Law 11: Learn to Keep People Dependent on You
Gelb discusses the concept of mutual indispensability, which relates to Law 11: “The United States is the indispensable leader but we don’t have the power to dictate solutions. We need to get things done to solve problems, exercise our leadership effectively. We need equally indispensable partners. And those are the other key nations of the world. I say in the book that there are eight of them, Germany, Britain, France, Japan, China, Russia, India, and Brazil. If you can put together some coalition of those countries, those become the equally indispensable partners. So we’re the indispensable leader, they’re the indispensable partners. Together, we can succeed. Alone, we fail, time and again.”
Law 12: Use Selective Honesty and Generosity to Disarm Your Victim
Gelb talks about Secretary of State Hillary Clinton, and hints at Law 12 by saying, “She’s going around the world saying, by and large, good things to leaders […] to try to dispel this anti-Americanism that built up over the last eight to ten years, the sense that America didn’t know how to be a leader, thought of itself solely as a dictator. […] And they’re doing it by acknowledging that the United States, we can’t bear to admit this, actually made mistakes, didn’t understand them, didn’t spend much time trying to understand them. […] I know [the Obama administration has] been accused of abandoning American power because they admitted past mistakes and they shook hands with people we disagree with. But they haven’t given away a thing yet and they are getting the publics around the world on our side.”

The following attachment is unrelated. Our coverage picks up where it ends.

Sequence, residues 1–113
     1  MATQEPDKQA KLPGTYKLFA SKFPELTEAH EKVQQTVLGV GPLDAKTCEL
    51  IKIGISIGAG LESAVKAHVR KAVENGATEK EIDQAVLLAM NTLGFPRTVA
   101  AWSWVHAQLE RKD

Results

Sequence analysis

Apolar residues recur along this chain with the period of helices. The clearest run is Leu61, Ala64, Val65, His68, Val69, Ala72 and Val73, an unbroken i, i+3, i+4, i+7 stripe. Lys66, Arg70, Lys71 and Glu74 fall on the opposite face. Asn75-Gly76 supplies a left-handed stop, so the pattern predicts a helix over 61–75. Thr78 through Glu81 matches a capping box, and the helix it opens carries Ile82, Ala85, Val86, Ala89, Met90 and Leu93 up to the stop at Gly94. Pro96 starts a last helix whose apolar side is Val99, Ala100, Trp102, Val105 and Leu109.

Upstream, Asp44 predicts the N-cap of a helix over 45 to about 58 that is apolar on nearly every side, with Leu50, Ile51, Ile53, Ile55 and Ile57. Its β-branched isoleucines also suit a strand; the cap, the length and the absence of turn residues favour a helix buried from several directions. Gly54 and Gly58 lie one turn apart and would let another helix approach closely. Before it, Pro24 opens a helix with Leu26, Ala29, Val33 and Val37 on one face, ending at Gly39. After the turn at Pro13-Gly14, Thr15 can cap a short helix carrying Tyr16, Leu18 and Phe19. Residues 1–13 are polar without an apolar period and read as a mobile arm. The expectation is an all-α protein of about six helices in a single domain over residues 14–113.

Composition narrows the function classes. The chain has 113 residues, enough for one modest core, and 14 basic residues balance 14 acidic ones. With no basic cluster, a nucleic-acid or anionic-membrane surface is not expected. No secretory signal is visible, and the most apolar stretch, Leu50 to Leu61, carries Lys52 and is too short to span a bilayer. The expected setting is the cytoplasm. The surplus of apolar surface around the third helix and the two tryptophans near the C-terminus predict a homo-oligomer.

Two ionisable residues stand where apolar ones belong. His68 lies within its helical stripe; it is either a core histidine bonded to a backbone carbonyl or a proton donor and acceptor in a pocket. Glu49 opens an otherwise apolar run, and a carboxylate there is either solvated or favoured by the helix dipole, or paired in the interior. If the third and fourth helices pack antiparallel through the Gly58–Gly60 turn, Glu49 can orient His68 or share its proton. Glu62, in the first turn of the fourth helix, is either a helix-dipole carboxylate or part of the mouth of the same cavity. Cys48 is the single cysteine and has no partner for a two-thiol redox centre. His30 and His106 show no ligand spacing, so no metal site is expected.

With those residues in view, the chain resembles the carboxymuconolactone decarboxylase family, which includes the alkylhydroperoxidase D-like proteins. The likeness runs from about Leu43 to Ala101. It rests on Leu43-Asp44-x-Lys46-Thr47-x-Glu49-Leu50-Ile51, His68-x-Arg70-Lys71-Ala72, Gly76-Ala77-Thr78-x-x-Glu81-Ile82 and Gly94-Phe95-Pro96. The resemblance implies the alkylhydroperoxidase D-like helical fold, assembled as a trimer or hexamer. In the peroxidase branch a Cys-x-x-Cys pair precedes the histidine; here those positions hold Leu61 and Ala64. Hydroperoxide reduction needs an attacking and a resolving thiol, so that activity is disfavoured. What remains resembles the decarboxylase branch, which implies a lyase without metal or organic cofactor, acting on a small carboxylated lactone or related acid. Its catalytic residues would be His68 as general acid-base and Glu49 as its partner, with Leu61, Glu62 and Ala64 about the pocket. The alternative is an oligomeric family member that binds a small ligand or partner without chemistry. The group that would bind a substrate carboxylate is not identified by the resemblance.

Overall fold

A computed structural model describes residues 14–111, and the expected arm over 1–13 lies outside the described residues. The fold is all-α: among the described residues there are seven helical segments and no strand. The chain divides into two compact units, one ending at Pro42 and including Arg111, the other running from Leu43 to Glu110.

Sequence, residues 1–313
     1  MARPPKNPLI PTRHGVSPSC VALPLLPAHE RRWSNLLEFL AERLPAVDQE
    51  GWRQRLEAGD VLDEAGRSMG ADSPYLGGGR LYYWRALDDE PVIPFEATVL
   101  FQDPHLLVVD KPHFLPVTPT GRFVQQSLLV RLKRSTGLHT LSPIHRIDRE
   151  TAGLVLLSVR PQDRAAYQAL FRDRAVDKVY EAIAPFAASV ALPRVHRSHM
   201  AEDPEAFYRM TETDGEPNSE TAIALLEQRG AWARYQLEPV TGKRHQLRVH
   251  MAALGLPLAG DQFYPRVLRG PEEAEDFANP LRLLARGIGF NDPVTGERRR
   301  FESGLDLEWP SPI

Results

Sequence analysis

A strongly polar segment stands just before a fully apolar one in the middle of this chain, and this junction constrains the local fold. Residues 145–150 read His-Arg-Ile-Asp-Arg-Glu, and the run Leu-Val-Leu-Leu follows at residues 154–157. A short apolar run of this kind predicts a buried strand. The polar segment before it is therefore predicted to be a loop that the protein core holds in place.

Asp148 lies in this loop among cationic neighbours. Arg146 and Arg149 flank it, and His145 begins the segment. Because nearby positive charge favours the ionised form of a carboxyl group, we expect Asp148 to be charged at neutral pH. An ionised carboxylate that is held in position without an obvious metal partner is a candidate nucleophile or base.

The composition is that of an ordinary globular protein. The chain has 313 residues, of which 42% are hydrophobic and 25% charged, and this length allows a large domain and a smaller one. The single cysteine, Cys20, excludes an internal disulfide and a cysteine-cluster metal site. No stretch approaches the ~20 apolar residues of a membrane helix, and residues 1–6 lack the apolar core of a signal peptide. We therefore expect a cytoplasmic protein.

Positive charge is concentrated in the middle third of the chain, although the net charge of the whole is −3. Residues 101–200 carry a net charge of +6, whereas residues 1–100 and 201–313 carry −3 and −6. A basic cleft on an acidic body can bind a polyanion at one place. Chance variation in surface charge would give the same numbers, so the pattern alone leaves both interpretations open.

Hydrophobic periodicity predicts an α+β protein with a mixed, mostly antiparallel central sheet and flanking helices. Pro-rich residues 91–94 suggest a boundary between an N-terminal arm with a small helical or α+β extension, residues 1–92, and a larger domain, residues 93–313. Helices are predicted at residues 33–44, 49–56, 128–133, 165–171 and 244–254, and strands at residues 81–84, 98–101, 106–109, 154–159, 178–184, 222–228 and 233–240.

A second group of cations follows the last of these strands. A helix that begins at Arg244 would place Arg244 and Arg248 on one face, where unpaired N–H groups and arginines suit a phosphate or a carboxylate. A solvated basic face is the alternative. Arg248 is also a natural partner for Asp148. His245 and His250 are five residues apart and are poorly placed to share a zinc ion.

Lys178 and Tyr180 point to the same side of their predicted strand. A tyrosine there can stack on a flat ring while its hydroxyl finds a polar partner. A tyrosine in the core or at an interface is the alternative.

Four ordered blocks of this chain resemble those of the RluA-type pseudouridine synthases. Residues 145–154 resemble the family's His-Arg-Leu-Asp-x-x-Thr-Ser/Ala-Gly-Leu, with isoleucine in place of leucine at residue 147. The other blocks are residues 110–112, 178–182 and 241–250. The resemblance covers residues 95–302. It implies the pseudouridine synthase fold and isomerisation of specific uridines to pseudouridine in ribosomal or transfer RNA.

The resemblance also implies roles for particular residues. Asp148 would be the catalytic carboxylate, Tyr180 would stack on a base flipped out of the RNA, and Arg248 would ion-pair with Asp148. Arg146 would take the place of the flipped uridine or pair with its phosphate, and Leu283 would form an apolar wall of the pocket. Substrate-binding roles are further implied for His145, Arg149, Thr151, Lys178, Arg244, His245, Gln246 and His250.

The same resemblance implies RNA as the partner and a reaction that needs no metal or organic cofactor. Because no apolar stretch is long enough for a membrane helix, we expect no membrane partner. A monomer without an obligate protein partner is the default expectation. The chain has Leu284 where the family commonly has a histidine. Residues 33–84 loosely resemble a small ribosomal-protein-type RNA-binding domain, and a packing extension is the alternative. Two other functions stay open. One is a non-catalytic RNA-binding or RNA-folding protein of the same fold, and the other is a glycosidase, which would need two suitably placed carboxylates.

Law 15: Crush Your Enemy Totally
Gelb states the following, which aligns with Law 15, “We [the US] spend as much on defense, by the way, as the next 25 largest spenders on the military put together.”
Law 23: Concentrate Your Forces
Gelb seems to agree with Law 23 by saying, “[At the end of the cold war, Harry] Truman, [George] Marshall, and [Dean] Acheson concentrated on building up the economic power of Germany, Japan, along with that of the United States. The presumption, which was absolutely correct, that once you added up those three economies, strong economies, that we would have 75%, 80% of all the economic, military, and diplomatic power in the world. And we did. And they figured out if you had that, you couldn’t lose.”
Law 25: Re-Create Yourself
Gelb hints at Law 25 by saying, “The people I found to be the greatest [were] President Harry Truman, Secretary of State George Marshall and his successors, Secretary of State Dean Acheson. These guys were so brilliant, it makes me jealous. […] [T]hey set up all these international institutions, the UN, the World Bank, IMF, NATO, and the like, real international institutions that we led. We didn’t try to dictate. We couldn’t dictate even then but we led them. And these institutions were so good, they helped us prevail in the Cold War.”